IACCM Contract Management Forum

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2017-02-10 13:44:28

SAP/Ariba Contract Drafting Tool - Fundamental Flaw?

I've been learning about the SAP/Ariba contract drafting tool set, with clause libraries, negotiation and approval workflows, and reporting capabilities. Our company is preparing to implement the combined SAP/Ariba solution in the medium term horizon (3-5 years). The functionality seems to meet our needs from a contracting lens, with one major flaw ... the tool is designed for contract drafting and negotiation to take place only AFTER the completion of sourcing and selection of a supplier. This can't be right! How do bidders know what they're bidding on? How can proposals be evaluated without alignment on the scope of work, compensation mechanism, terms and conditions, etc? Has anyone else seen the tool and reached the same conclusions? Do you have the same concerns? How can we influence this?
 •  World Commerce & Contracting  •   2017-02-10 14:28:33
This is indeed an important issue. It reflects ignorance of the role and purpose of contracts and their impact on successful outcomes. I am raising this with SAP and will advise on progress. If there is none, we will rapidly assemble a pressure group to ensure a satisfactory response.

Thanks for highlighting this important topic
 •  New Zealand Defence Industry Association (NZDIA)  •   2017-02-12 21:14:04
Will be following this discussion with interest. There have been some recent evolutions in awarding tenders to companies on the basis of innovation and relationship, with contract drafting to follow. System functionality needs to be able to address multiple approaches with flexibility.
 •  Deloitte  •   2017-02-14 07:41:25
I reached out to the Product Owner of the Ariba Product and here is his response:

"Although there are many aspects of a contract, the two in reference here are the actual clauses within the contract and the quoted pricing. Thus, you have to look at the two processes: Collecting Quotes during Sourcing and Contract Creation/Authoring. In the case of collecting quotes, today companies are able to include the terms of the contract within the quoting process. It is up to the company to decide what is negotiable during the quoting process and what isn't. So the bidders do actually know what they are bidding on based on what is included in the sourcing event.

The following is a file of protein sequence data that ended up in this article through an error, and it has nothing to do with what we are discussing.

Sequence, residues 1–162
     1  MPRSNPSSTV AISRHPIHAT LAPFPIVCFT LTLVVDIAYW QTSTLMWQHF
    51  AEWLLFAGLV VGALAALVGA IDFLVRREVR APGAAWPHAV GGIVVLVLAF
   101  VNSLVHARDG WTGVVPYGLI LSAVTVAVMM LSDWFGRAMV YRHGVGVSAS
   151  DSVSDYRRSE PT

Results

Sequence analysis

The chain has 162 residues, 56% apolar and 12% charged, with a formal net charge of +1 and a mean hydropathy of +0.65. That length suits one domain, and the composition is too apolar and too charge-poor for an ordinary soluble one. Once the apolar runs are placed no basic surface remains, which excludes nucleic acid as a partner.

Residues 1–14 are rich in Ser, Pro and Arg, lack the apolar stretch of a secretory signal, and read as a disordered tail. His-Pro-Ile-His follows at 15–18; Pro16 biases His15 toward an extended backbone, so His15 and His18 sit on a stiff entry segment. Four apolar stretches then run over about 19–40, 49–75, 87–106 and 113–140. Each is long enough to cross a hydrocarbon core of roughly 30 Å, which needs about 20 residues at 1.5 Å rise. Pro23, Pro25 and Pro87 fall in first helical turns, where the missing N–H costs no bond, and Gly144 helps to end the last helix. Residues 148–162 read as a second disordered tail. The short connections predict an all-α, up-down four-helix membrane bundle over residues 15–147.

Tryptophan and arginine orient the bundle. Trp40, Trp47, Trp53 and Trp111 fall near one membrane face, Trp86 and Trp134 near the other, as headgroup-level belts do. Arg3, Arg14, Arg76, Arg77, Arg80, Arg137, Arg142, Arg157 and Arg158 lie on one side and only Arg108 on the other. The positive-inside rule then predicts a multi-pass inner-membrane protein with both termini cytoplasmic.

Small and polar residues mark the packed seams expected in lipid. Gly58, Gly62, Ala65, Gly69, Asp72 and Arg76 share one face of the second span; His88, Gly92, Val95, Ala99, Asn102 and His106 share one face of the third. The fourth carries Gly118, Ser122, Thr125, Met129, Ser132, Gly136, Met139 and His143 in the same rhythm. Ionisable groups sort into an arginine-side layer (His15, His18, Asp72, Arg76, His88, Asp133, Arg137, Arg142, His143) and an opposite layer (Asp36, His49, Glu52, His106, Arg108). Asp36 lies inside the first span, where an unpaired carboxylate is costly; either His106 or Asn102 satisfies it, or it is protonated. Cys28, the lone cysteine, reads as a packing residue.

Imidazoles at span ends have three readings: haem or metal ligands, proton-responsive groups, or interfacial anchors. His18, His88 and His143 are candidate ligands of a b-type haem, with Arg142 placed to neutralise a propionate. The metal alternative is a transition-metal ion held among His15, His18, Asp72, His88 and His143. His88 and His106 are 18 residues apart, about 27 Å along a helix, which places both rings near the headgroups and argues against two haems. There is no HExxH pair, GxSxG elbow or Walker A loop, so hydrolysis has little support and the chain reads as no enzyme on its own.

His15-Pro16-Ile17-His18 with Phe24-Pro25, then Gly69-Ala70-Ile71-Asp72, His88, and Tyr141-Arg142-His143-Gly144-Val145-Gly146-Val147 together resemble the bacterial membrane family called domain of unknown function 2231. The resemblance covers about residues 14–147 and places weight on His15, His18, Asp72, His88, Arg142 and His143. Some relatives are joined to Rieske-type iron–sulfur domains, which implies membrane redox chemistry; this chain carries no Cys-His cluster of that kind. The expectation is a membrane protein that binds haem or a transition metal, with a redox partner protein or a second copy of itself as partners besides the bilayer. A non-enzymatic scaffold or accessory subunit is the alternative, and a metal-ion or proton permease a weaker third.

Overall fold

There is a secondary issue though. Companies need to sometimes start the contract creation/authoring/negotiation prior to the quoting process finishing. Although this is allowed within the SAP Ariba tool, it doesn't allow you to pass the information from the sourcing event to the Contract in this specific instance. One must create the contract separate from the sourcing event. As a result the quoted information must be manually copied from the sourcing event once the sourcing quoting process has completed. There are multiple ways to do this within the tool such as using Excel Export/Import and copying from the library.

The good news is that we have further enhancements planned in our roadmap for 2017. A user will be able to create the contract prior to the quoting process ending and, more importantly, we will automatically copy the negotiated terms to the contract workspace once the sourcing quote has completed. These enhancements should speed up the process such that one doesn't need to manually copy the information from the sourcing event to the contract.

We would be happy to work with you further if this doesn't answer your question."

Just reply and I will forward to him!
 •   2017-02-14 13:43:01
Thanks, Kai. Unfortunately, I think we're still missing the key point.